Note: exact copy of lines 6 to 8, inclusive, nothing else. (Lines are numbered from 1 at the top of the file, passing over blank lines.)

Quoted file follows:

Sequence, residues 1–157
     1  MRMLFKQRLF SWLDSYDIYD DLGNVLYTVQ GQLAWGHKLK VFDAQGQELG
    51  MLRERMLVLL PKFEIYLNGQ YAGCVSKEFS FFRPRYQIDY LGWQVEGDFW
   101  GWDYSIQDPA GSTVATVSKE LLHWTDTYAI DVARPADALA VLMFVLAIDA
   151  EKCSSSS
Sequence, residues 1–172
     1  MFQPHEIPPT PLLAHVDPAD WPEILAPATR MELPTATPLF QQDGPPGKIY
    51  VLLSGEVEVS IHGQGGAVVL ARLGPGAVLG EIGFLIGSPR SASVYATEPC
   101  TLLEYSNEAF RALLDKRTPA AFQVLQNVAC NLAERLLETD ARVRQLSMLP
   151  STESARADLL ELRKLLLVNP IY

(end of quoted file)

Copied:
Sequence, residues 1–172
     1  MFQPHEIPPT PLLAHVDPAD WPEILAPATR MELPTATPLF QQDGPPGKIY
    51  VLLSGEVEVS IHGQGGAVVL ARLGPGAVLG EIGFLIGSPR SASVYATEPC